The grip­ping magic of Majumdar

Im­pact­ful play de­picts caste sys­tem, re­li­gious con­ver­sion, power play and po­lit­i­cal cri­sis in the so­ci­ety.

The Asian Age - - Theatre+ - Quasar Thakore Padamsee

The twin theatre cities of Bom­bay and Bangalore have been abuzz with the pre­miere of a brand new of­fer­ing, Muk­tid­haam. The play was eas­ily the most an­tic­i­pated pro­duc­tion of the last few years, par­tic­u­larly for the theatre fra­ter­nity. The team as­sem­bled reads like the Theatre Avengers: Shubro Barat, Ku­mudh Mishra and M.D. Pallavi on­stage, An­mol Vel­lani be­hind the lights, Mo­hit Takalkar as scenog­ra­pher, and Vivek Madan as project man­ager. But the ring that bound this Fel­low­ship was play­wright Ab­hishek Majumdar’s im­pres­sive body of work, and the de­tail and rigour of his process.

I first came across Ab­hishek over a decade ago, when he screened a play for youth ini­tia­tive Th­espo. It was a hot day in Bangalore (a rare thing), and this be­spec­ta­cled young man walked in and read us his play in Ben­gali (an even rarer thing). While the play was in­ter­est­ing, and his pas­sion was no­tice­able, the play didn’t quite make it to the fes­ti­val that year, pri­mar­ily be­cause it was in a too rudi­men­tary stage of de­vel­op­ment.

Time taken in de­vel­op­ment is one of Ab­hishek’s hall­marks. In spite of his pro­lific out­put of a play a year, his re­search is painstak­ing, and each play takes years to de­velop. For ex­am­ple, a play he be­gan re­search­ing in 2013, will ac­tu­ally only be ready in 2018. This en­ables him to delve deep into is­sues, en­gag­ing with them on a level that is not merely about “who said what”. He can there­fore high­light as­pects of sto­ries that in­ter­est us be­cause of their ‘ex­otic­ness’, be­fore giv­ing us their uni­ver­sal hu­man in­sight and ap­pli­ca­tion. Watch­ing his gasha is an evening I cher­ish dearly. It was an in­sight into the Kash­mir con­flict, and along with its com­pan­ion piece, Djinns of Eidgah, it showed us as­pects of the con­flict that we wouldn’t have nor­mally had ac­cess to. And yet, the play was about the char­ac­ters, al­low­ing us to iden­tify with each trial and tribu­la­tion.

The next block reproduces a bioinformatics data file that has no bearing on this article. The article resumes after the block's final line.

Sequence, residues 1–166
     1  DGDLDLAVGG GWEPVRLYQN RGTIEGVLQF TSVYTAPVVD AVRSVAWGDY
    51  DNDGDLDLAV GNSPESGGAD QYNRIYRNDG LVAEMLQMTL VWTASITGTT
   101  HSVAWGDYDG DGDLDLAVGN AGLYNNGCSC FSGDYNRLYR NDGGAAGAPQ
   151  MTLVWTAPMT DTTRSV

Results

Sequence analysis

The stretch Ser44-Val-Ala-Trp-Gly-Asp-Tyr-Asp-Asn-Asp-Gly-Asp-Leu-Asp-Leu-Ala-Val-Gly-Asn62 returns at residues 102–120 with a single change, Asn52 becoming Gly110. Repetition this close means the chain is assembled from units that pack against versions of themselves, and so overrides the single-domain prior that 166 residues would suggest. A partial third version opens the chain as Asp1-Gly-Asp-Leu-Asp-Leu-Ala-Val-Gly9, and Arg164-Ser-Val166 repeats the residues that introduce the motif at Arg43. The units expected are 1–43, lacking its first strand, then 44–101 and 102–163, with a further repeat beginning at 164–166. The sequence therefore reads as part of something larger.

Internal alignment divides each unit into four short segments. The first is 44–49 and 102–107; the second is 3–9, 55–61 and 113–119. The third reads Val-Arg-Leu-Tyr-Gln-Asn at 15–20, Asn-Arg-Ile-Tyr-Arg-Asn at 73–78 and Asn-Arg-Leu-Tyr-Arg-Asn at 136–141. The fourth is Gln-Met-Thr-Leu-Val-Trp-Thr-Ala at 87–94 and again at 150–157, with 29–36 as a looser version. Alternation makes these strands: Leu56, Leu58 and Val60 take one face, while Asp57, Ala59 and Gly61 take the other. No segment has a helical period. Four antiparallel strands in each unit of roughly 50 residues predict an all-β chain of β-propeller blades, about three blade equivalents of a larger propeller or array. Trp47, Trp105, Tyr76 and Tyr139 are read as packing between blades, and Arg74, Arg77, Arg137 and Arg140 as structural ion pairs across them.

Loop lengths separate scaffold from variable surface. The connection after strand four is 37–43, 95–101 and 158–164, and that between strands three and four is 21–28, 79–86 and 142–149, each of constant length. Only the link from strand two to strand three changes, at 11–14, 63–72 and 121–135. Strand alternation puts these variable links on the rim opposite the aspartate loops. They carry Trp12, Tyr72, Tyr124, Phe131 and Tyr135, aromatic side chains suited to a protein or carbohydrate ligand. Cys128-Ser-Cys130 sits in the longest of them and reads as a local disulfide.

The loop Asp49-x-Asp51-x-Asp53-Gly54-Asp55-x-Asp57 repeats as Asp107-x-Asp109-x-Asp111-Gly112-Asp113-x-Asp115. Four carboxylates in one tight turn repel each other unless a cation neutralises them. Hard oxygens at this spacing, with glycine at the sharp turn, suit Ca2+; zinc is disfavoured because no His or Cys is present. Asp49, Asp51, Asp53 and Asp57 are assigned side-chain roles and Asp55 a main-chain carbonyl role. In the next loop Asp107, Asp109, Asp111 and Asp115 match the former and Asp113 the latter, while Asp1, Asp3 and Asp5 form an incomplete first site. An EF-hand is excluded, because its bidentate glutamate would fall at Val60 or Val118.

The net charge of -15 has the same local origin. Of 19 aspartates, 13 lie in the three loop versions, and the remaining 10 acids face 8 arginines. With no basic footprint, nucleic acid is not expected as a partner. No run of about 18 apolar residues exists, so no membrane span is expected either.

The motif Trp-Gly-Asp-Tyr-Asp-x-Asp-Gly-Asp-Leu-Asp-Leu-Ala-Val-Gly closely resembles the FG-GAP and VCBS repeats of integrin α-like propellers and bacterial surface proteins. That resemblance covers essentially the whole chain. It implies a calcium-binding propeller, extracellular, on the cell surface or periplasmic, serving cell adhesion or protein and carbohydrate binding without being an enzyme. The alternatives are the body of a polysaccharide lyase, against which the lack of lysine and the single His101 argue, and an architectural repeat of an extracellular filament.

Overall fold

To say Ab­hishek’s work is po­lit­i­cal, pi­geon holes it a lit­tle. Yes it does deal with po­lit­i­cal is­sues such as Kash­mir, or in Muk­tid­haam’s case the Hindu caste sys­tem; but it is much more than that. The plays are often about in­di­vid­u­als trapped in these sys­tems of thought, and how that is often their down­fall. His plays have long run times, dense con­tent, and the un­rav­el­ling of the plot is often slow. In fact, the Muk­tid­haam pro­gramme, gives us a glos­sary of terms be­cause the lan­guage used is so ar­chaic. The play is set in a Bud­dhist king­dom, a few decades af­ter king Ashoka. The ac­tion takes place in a Hindu mutt and re­volves around the suc­ces­sion of who among the grand priest’s two pro­tégés will take over the mutt. It tack­les dif­fi­cult ques­tions, and touches upon the po­lit­i­cal rea­sons for lower castes con­vert­ing from Hin­duism to Bud­dhism; some­thing that re­mains a con­tentious is­sue in to­day’s times.

The pro­duc­tion was not en­joy­able in the con­ven­tional sense.

It was hard work get­ting into the world, but once in, the machi­na­tions of re­li­gion and hu­man de­viancy are ad­dic­tive and in­sight­ful.

The per­form­ers are strong, the pro­duc­tion de­sign is im­pact­ful, the sound-scape is mes­meris­ing, and the shad­owy light­ing was a great re­flec­tion of the murk­i­ness of the hap­pen­ings in the plot. The play does os­cil­late be­tween the sym­bolic and the lit­eral, which can some­times get con­fus­ing. How­ever, the play does leave an im­pact.

I find my­self, so many days later, still in dis­cus­sions with peo­ple about the play.

While ar­gu­ing about stag­ing mer­its and de­mer­its we in­vari­ably end up talk­ing about the caste sys­tem, re­li­gious con­ver­sion and power.

And, at the end of the day, isn’t that the real mea­sure of a suc­cess­ful po­lit­i­cal play?

Quasar Thakore Padamsee Is a Bom­bay based theatre-holic. He works pri­mar­ily as a theatre-direc­tor for arts man­age­ment com­pany QTP, who also man­age the youth theatre move­ment Th­espo.

Stills from play Muk­tid­haam which pre­miered in Mum­bai and Ben­galuru.

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